Cadillac V-series Challenge puts pro golfers, VIPs on the fast track at Homestead-Miami Speedway

 

What it’s like to race in a road course at top speeds in a Cadillac CTS-V.

Cadillac Experience

By Luis F. Castro and Fred Gonzalez

When Donald Trump took over the Doral golf resort last year, he knew he would have the opportunity to create a memorable event when the World Golf Championships-Cadillac Championship rolled into Miami in March.

So far, very memorable.

From the addition of signature events, like a Travie McCoy concert and a Carolina Herrera fashion show, to more options for luxury seating and the Escalade Lounge, everything has Trump’s touch.

On this crisp Wednesday morning, a day before the golf tournament started, it was all about the Cadillacs. Pro golfers, VIPs, and even a Make-a-Wish recipient were all being whisked over from the golf course to Homestead-Miami Speedway in Trump’s private helicopter for the Cadillac V-series Challenge to race versions of the Cadillac CTS-V.

Here’s how it all went down.

“We left in Trump’s private helicopter (VIP in its highest form) and reached the speedway in 15 minutes. Once on the ground we were rode in the re-designed 2015 Cadillac Escalade (an SUV big enough for a family, but that’s another story) to pit row. And that’s when we went from pure luxury to raw power – thanks to the Cadillac CTS-V racer.

After a few introductions the pit crew asked who wanted to go first in the CTS-V race car. The little-boy-speed-racer-with-his-Mach-5 in me was jumping for joy! So I suited up, putting on my super-fly, chick-diggin, hot-black, Darth Vader-like racing suit. (Helloooo Lemans!) From here I was introduced to my racecar driver, Andy Pilgrim, and his Cadi. Andy is a soft-spoken, polite gentleman, unlike his car. This beauty of a machine with a 6.2L, V-8 producing 460 horsepower at 5400 rpm and 447 lb.- ft. of torque was mine for a few adrenaline minutes. The CTS-V is not the biggest heavy hitter but very quick and well-balanced and Andy tamed it to the edge. Getting in to the car was tight, but soon forgotten as Andy wasted no time rocketing out of pit lane at 71 mph.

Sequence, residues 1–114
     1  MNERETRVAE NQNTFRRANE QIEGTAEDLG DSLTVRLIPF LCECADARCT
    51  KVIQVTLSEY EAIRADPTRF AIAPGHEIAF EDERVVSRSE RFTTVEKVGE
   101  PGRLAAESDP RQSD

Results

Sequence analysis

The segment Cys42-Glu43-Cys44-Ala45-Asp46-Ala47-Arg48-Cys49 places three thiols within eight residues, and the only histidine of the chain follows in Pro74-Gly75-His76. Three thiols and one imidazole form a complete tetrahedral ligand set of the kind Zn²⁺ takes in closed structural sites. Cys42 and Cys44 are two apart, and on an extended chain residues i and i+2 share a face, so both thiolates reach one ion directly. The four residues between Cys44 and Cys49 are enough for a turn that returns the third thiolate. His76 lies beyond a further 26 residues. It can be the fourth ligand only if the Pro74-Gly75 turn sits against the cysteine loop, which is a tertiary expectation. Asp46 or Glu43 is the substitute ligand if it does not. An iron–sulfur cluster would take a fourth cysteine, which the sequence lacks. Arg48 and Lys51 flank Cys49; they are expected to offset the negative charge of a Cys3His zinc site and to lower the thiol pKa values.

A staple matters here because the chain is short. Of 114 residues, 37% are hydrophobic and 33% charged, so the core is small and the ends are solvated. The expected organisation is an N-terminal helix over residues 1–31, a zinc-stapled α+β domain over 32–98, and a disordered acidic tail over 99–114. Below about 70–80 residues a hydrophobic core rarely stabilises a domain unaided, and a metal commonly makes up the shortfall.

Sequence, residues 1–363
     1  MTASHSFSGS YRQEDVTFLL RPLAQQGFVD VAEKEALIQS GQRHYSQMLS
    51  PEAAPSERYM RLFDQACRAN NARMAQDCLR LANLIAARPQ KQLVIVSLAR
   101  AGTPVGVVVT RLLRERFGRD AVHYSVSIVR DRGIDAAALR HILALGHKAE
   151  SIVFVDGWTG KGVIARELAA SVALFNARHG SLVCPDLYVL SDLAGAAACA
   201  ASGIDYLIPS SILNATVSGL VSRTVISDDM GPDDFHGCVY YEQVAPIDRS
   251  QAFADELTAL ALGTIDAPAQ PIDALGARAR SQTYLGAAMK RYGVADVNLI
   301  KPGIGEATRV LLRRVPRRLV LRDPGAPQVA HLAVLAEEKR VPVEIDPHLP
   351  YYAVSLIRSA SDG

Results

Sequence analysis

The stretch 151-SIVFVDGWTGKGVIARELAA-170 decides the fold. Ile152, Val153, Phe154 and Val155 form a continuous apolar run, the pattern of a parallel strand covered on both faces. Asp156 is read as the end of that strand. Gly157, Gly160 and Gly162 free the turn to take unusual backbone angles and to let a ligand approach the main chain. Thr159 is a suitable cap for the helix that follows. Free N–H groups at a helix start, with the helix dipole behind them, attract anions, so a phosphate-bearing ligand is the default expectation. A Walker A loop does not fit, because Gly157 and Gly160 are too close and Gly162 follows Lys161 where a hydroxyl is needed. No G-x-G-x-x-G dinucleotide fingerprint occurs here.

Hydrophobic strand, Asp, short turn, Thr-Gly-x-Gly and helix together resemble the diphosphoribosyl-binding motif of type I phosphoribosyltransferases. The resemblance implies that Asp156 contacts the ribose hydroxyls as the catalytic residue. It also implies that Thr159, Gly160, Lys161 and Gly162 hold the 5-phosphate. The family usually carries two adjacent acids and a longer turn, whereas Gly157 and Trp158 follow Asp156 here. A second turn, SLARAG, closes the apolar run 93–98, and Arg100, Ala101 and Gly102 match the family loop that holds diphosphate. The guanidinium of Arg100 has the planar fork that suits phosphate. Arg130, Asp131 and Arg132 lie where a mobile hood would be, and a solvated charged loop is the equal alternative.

We accelerated into Turn 1, glided thru 2 and 3, but when we exited turn 4 at 42 mph and roared into 5, watch out – we hit 124 mph on the short straight away before a hard brake as we lunged into a pair of right corners. Turn 6 was at 68 mph then we rolled out through Turn 7 and went hard on the gas, reaching Turn 8 at 136 mph. Leaving a hairpin Turn 9, Andy floors it, again, and the CTS-V’s engine rooooaaarrrrssss in joy reaching Turn 10 at 136 mph. Turn 10 is where the banking straight and road course meet and it’s a HARD jolt as we cross over (I thought the car’s suspension was going to break). Braking there took us to 110 mph and then up to 115 mph before going back to 68 mph for the tight Turn 11. Exiting Turn 11 to the left at 55 mph we hit the front straight-away at 131 mph then slightly braked again to an uneven Turn 1 on the left, and it was time to do another lap.

The lap and a half in the Cadillac CTS-V racer was loud, exhilarating, bumpy, griping and fast! Everything I expected and enjoyed. I can see why these professionals don’t want to leave or retire when their fine-tuned machines feel that confident. It’s probably too addicting. Once we returned from our 'stint,' all I could say was 'give me more, give me more, give me more.' The Cadillac V-series Challenge / Trump Doral Experience was the most fun I can recall having with a race car.
Now excuse me, I have to catch my helicopter.”

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